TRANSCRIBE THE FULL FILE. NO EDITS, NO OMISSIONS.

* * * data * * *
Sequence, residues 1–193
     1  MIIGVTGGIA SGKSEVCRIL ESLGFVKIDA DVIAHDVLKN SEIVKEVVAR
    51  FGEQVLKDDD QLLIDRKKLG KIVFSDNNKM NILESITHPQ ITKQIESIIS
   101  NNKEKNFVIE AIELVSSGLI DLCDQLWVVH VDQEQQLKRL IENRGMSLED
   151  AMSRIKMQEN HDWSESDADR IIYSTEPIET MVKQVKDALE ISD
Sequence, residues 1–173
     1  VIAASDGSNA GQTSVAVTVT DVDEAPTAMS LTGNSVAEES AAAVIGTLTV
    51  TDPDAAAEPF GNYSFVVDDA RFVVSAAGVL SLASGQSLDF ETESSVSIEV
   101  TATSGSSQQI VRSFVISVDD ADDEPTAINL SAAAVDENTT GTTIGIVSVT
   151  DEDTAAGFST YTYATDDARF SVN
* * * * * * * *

Sequence, residues 1–193
     1  MIIGVTGGIA SGKSEVCRIL ESLGFVKIDA DVIAHDVLKN SEIVKEVVAR
    51  FGEQVLKDDD QLLIDRKKLG KIVFSDNNKM NILESITHPQ ITKQIESIIS
   101  NNKEKNFVIE AIELVSSGLI DLCDQLWVVH VDQEQQLKRL IENRGMSLED
   151  AMSRIKMQEN HDWSESDADR IIYSTEPIET MVKQVKDALE ISD
Sequence, residues 1–173
     1  VIAASDGSNA GQTSVAVTVT DVDEAPTAMS LTGNSVAEES AAAVIGTLTV
    51  TDPDAAAEPF GNYSFVVDDA RFVVSAAGVL SLASGQSLDF ETESSVSIEV
   101  TATSGSSQQI VRSFVISVDD ADDEPTAINL SAAAVDENTT GTTIGIVSVT
   151  DEDTAAGFST YTYATDDARF SVN